Beyond that, the reduced size of Madigan's caucus hampers his ability to operate in the new 90th General Assembly. He holds a 60-58 edge over the GOP, just enough to get a bill out of his chamber. In fact, by winning back the majority last November, Madigan was guaranteed only two votes: one to elect him speaker and a second to adopt rules governing the operations of the House. He'll have to rely on coalition-building for the rest. And that's never been easy for Democrats.

When Democrat Phil Rock presided over the state Senate with an extra vote to spare, he'd tell this joke: "When I'd get up in the morning and look in the mirror, I didn't know whether to shave or slash my throat."

Like Rock, Madigan will have his work cut out for him just keeping the Democrats together. He faces the liberal wing of his party, which supports more social spending. And he faces a conservative downstate contingent that opposes gun control and abortion. It's likely he'll need to rely on the traditional "pork" projects to knit his coalition together.

Some members of the House Black Caucus, for example, differed with Madigan when he gave his belated support to a public works bonding bill in February. Votes from that caucus weren't needed because the bill had Republican support, but Madigan took note of the black caucus' wish to have greater say in a future capital projects bill. Meanwhile, downstaters might settle for a few ribbon cuttings, too. If, say, an agreement could be put together to raise the gas tax, downstaters could get their asphalt and Chicagoans could get dollars for the el.

Still, the pressure along such ideological and geographical faultlines is likely to build. There was some resent-


16 / April 1997 Illinois Issues

ment from downstaters, for instance, over Madigan's choice for majority leader: 18-year veteran Rep. Barbara Flynn Currie of Chicago. There have been complaints that she is too liberal and that the speaker is favoring the city.

Madigan defends the choice. "For everybody that goes into a leadership position, you have to moderate your views," he says. "This goes back to a result of my two years of reflection. I think you'll see that I am going to lead the Democrats to a centrist approach. Sometimes we're going to be tilting a little left. Sometimes, a little right. That's going to be the result of all of this."

At the same time, Madigan has decentralized his control over the panels that decide the fate of legislation, Instead, the speaker says he plans to "pick his spots," such as education-funding reform, utility deregulation and health care access and aftbrdability.

"There's always going to be some use of the process to direct things. We will have certain priorities we will want to advance and we will be working with the committees so [they] release these items at a certain time. But it should not be an undue use of the process; things should not be unduly manipulated. I think that I did some of that. I don't want to do it again," he says.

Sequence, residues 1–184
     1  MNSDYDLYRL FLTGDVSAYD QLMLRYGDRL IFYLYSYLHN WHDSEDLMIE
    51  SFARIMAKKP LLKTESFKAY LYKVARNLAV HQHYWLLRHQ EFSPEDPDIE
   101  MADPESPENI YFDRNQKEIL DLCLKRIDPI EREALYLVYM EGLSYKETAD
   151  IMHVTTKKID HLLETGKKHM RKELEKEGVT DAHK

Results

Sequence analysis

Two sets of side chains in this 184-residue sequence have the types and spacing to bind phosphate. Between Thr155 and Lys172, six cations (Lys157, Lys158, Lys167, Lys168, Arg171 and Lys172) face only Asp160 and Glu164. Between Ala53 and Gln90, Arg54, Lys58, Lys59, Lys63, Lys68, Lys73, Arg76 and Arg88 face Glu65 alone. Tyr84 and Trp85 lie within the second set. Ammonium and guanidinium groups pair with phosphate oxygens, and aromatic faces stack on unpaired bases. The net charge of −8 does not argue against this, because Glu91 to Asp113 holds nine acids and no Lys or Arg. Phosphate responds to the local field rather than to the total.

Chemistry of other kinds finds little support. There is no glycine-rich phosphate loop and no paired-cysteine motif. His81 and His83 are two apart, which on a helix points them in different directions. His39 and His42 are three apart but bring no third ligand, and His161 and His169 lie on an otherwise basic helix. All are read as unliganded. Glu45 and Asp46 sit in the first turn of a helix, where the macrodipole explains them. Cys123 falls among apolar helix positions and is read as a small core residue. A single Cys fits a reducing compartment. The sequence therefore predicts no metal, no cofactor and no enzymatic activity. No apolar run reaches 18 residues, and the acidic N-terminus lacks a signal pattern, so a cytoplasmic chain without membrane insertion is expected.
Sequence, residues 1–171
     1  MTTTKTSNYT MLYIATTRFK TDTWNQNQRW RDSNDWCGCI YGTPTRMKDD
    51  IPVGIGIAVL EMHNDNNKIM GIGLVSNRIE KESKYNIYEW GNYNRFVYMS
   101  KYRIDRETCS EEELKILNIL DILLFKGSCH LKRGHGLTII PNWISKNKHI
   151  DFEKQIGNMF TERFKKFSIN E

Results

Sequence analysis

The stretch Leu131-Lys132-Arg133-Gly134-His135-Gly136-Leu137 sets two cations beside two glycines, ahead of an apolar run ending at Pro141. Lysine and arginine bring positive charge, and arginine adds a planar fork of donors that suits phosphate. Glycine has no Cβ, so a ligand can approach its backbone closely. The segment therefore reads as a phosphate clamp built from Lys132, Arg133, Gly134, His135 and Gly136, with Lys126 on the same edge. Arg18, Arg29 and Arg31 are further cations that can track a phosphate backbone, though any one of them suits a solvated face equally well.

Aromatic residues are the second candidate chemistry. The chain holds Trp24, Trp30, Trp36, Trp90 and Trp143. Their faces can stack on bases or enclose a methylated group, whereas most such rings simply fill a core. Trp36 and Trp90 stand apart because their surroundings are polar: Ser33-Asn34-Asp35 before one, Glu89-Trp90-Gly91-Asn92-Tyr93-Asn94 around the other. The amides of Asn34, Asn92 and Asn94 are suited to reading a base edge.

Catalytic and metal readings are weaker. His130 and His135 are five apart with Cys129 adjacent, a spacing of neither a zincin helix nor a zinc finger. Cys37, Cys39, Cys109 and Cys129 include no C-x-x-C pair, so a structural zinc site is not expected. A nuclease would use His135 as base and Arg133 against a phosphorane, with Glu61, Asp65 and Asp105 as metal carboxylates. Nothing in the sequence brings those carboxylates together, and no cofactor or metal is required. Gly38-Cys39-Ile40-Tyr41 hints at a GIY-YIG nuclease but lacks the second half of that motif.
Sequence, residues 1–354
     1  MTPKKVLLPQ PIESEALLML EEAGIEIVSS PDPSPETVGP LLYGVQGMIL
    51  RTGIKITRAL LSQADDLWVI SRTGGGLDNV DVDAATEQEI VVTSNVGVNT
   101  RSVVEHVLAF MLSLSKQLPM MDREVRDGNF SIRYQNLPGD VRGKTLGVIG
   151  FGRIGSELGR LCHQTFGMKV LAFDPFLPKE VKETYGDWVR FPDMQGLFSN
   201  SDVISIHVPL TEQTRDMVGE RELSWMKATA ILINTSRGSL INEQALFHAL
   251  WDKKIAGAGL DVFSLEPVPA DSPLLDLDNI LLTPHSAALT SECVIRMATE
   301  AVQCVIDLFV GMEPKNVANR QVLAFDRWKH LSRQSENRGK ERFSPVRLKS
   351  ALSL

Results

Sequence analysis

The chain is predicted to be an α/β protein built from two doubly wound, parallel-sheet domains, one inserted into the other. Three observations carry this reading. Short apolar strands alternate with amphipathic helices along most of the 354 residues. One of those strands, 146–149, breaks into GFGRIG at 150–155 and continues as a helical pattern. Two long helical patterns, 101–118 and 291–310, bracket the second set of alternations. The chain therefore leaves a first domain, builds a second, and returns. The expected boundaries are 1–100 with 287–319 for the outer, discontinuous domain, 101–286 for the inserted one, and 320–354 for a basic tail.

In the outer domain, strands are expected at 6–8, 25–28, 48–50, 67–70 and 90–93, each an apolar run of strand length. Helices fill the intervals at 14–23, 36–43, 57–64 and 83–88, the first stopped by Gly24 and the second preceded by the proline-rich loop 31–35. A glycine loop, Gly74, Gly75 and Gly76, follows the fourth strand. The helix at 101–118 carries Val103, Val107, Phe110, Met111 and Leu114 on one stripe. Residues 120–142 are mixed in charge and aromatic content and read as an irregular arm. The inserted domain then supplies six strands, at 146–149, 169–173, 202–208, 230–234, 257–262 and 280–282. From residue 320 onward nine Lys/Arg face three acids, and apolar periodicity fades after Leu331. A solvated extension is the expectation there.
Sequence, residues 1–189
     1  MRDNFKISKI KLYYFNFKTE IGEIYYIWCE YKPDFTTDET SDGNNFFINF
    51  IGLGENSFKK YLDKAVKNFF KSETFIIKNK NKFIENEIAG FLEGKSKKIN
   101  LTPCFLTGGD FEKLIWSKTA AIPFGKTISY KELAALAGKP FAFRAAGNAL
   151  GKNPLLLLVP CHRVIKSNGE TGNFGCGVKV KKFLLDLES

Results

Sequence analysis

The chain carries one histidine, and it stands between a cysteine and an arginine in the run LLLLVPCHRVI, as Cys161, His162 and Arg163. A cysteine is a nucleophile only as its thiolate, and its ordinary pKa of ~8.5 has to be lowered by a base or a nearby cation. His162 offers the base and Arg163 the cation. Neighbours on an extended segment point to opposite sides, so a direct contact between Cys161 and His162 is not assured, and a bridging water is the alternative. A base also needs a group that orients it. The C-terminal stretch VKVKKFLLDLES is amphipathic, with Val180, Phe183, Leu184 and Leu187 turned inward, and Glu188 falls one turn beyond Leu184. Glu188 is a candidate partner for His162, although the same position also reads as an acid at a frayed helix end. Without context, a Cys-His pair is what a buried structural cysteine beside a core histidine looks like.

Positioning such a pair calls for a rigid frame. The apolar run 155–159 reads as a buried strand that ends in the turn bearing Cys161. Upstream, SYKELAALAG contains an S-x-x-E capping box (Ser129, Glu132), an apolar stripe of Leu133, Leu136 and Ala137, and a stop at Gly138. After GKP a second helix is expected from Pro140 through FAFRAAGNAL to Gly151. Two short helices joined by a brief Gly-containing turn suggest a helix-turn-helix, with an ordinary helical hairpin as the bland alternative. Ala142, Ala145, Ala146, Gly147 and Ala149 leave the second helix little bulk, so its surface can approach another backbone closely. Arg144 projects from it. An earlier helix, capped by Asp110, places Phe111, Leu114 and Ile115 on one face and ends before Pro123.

But then, motivation is always a question with Madigan.

"He realizes he has to at least be a little more accommodating to the rank and file if he wants to remain speaker of the House," says Republican Rep. Angelo "Skip" Saviano of Elmwood Park, whom Madigan tapped as chairman of the House Registration and Regulation Committee.

"The perception that he wants the public to have of him is one of being kinder and gentler because the alternative, he knows, would ultimately be his demise. ... Maybe he's trying to appeal to the suburbanites who traditionally always saw 'Mike Madigan, ward boss for the city of Chicago,' as their enemy. [He knows] that the south suburbs are so crucial for his retention of the speakership. He has to come off with some evidence as somebody the suburbs can work with."

" I think he's very much concerned now about
what [his] reputation is and he wants to change
that," says House Republican leader Lee Daniels,
the man Madigan ousted as speaker.

And, by tapping Republicans to co-chair special panels on electric utility deregulation and the state's problem- plagued prison system, Madigan allows for blame-sharing if something goes wrong.

He may also be seeking political redemption. "I sense that he understands he has a reputation of something which requires the use of adjectives that are not necessarily flattering. And I think he's very much concerned now about what that reputation is and he wants to change that," Daniels says.

It is clear at this point that if Madigan is to maintain his majority after 1998, he will have to do it on his own. The status of the 1998 Democratic ticket is too uncertain. U.S. Sen. Carol Moseley-Braun could be in trouble and, thus far, there is no clear-cut gubernatorial candidate to take on the popular Edgar if he decides to seek re-election. For his part, Madigan says the unsettled state of the Democratic statewide ticket doesn't trouble him. He intends to seek re-election and to keep his majority.

As for his legacy, Madigan says it's the amount of time he has devoted to the Statehouse.


"Something that I think about quite a bit is the length of time that I've been here. This is year 27, I believe, and in November of 1998, I'll be here 28 years with the opportunity to complete a full 30 years of service in this building. That's something that I think about quite a lot," he says.

And what happens if, despite his renown for fund raising and field organizing, he finds himself in the minority after the next general election?

"I have to deal with that question the night of November whatever in 1998, just as I did in November 1994."

Though he wears the vestments of Democratic power, Madigan knows his job in the General Assembly isn't for life. And if the electors signal a change in the partisan leadership of the House, Madigan could go back to being minority leader or leave public life. After all, it would merely require another personal conversion.

Rick Pearson is a Statehouse reporter for the Chicago Tribune.

Illinois Issues April 1997 / 17